Tim Shaffer/Reuters

It's not much of a surprise that some graduate degrees are better investments than others: an M.B.A is better than a master's in geography, a J.D. is better than a doctorate in aerospace engineering, and Ph.D.s in history are worst of all.

And for any given degree, there are other variables at play too: The Economist found higher returns for cheaper, shorter M.B.A. programs. Forbes has a list ranked by how much an alum is making 5 years after their M.B.A. vs. staying in their pre-M.B.A. careers (Stanford tops that list).

As it turns out, for M.B.A. candidates what you major in (yes, M.B.A. programs have majors) has a huge impact on earning potential too.

A new report from Payscale shows that an M.B.A. in strategy is the most lucrative path with a median mid-career salary of $145,000. The report surveyed 180,000 M.B.A. graduates. An M.B.A. in entrepreneurship, marketing management, finance and economics all placed high on the earnings list as well. While most M.B.A. degrees report mid-career earnings over $100,000, there were a handful of majors that didn't make the cut: An M.B.A. in human resources management is at the bottom of the list, reporting earnings at $80,700 after 10 years on the job. Also low on the list are M.B.A.s in communication, accounting, and healthcare management.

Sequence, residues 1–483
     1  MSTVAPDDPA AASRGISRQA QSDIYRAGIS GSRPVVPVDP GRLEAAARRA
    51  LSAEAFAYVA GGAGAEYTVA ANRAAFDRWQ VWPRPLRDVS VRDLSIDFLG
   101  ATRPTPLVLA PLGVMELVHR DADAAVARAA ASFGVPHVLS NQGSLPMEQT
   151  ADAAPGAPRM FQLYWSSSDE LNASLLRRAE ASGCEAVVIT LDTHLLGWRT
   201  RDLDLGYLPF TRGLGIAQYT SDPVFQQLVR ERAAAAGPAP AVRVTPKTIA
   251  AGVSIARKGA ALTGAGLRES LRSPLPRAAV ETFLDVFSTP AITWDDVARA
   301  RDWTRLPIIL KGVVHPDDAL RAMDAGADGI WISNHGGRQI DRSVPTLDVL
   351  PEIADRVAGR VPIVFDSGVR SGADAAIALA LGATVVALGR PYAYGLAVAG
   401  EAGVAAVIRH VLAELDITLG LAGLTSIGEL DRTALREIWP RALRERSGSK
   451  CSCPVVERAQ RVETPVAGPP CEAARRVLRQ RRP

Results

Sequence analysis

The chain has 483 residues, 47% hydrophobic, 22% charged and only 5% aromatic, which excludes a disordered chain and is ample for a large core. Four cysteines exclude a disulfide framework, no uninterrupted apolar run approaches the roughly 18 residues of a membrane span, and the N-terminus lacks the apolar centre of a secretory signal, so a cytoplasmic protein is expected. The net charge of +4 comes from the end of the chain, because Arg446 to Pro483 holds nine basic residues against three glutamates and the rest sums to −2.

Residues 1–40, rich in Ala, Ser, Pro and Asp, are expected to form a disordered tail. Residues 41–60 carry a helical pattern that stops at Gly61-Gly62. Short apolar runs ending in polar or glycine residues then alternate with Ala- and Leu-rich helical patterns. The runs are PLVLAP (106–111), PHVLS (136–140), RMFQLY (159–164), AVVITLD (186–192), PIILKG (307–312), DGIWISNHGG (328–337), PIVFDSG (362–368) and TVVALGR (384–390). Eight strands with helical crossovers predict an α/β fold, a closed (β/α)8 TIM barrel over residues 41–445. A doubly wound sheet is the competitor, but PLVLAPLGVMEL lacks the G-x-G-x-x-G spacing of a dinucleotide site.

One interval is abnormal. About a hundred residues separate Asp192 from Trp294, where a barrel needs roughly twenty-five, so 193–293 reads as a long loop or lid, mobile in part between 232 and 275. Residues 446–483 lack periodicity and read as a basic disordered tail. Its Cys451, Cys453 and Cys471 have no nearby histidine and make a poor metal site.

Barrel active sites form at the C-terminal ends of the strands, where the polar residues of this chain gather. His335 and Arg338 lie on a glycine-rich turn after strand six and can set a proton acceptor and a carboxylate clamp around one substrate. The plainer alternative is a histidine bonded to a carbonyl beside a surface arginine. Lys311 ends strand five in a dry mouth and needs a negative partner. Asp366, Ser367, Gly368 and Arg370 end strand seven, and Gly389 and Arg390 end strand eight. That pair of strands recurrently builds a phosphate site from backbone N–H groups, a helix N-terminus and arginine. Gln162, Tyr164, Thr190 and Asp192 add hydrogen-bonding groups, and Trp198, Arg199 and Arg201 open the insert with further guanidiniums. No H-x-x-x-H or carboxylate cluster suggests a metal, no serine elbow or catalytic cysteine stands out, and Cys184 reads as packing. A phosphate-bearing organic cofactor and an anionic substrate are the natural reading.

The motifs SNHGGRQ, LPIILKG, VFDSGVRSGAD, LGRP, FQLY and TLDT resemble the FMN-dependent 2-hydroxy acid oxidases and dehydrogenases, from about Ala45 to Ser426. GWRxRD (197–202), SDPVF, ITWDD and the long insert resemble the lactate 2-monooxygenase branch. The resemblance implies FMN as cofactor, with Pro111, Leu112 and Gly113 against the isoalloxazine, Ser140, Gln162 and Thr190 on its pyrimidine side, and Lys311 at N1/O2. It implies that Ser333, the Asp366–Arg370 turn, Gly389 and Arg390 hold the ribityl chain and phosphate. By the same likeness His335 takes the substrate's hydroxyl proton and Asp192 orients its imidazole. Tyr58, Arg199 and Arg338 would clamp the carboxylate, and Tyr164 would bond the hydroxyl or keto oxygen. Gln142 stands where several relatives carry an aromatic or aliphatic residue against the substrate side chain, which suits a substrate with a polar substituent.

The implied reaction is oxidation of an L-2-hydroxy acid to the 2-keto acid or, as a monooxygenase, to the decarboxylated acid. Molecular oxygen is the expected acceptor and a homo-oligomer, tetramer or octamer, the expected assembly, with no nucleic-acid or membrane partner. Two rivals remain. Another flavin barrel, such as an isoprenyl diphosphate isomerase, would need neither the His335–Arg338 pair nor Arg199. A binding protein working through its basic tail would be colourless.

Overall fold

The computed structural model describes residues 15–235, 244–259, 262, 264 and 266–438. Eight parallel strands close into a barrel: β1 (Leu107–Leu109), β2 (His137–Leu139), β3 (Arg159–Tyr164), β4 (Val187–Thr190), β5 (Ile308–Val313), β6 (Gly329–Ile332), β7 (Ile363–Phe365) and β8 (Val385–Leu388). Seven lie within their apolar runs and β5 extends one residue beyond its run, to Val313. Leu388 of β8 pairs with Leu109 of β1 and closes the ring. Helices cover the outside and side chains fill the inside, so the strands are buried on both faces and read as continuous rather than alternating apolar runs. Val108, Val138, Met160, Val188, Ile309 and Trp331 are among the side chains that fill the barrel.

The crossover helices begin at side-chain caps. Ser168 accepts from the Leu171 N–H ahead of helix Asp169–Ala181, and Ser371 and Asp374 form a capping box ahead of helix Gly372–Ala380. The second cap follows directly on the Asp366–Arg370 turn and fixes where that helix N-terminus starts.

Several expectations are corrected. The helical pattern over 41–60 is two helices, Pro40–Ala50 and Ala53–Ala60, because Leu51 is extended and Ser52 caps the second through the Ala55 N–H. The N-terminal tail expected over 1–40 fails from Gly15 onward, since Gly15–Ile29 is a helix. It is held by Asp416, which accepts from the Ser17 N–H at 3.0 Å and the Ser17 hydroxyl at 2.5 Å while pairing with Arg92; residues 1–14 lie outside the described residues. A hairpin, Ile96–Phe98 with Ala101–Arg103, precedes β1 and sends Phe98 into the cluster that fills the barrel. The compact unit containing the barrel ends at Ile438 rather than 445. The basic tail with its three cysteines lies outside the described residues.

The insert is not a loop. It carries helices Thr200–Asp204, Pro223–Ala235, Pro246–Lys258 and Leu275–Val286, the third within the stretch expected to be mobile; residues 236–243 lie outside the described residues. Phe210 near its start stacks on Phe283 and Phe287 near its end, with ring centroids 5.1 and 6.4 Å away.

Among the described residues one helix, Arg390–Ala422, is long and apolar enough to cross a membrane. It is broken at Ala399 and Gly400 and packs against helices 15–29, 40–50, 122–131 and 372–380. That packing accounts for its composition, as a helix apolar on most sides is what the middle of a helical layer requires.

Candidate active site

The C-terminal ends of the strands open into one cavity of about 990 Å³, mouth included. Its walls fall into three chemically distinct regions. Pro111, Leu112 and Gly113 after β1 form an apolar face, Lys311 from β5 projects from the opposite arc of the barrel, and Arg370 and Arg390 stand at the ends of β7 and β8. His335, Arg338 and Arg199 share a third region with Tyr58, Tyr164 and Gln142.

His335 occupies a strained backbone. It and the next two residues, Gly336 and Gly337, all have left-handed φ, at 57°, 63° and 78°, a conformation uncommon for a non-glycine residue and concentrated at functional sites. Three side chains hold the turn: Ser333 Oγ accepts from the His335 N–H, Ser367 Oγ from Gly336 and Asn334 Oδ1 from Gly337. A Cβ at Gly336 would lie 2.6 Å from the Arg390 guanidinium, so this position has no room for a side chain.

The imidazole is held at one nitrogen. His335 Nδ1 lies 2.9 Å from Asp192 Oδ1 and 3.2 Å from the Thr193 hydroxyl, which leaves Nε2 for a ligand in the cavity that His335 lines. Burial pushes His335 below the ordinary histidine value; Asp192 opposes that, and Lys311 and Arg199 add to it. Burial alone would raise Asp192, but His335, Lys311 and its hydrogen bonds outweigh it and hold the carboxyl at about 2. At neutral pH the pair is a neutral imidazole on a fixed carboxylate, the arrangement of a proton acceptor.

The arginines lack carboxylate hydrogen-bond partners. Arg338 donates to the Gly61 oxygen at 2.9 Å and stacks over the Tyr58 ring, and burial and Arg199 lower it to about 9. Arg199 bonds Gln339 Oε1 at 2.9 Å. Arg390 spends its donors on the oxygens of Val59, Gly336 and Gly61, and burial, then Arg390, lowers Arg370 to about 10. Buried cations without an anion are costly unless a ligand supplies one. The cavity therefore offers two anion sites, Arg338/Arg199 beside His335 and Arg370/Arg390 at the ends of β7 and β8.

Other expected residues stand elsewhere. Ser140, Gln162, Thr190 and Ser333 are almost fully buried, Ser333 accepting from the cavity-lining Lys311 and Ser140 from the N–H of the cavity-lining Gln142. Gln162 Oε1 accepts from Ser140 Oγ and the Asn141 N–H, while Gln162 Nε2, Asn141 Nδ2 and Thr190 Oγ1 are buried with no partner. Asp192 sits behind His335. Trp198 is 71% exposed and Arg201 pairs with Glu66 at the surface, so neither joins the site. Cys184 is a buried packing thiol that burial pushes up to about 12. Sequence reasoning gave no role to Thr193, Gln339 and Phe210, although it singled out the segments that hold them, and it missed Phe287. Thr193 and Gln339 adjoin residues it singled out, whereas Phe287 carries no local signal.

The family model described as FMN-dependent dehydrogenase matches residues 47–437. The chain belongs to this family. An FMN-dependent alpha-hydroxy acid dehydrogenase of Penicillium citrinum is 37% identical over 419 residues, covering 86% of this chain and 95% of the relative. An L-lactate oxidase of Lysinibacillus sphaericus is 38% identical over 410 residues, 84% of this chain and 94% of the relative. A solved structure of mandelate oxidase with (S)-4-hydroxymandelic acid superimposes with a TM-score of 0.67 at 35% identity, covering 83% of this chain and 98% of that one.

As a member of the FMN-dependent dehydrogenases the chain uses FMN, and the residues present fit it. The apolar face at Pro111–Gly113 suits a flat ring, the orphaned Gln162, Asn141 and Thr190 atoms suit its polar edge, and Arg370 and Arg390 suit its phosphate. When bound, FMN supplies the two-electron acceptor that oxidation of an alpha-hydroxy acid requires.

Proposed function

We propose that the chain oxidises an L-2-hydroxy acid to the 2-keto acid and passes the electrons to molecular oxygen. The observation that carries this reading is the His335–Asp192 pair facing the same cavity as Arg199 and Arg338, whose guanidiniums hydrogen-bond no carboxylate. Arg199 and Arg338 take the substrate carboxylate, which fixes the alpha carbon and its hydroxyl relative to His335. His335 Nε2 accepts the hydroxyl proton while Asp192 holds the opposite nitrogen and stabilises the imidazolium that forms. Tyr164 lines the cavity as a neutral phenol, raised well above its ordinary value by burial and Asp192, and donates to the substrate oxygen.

When it comes to which M.B.A.s provide the most meaningful work—that is, whether people felt that their job makes the world a better place—healthcare management and administration came in first, with more than 80 percent of such job-holders reporting high "job meaning."

Strategy actually ranked fifth for job meaning, so if you're undecided and looking for an M.B.A. major—it seems to be the most bang for your buck for earnings and happiness. Just stay away from accounting: It's the only M.B.A. major for which graduates both earn less than $100,000 at mid-career and don't find meaningful to boot.

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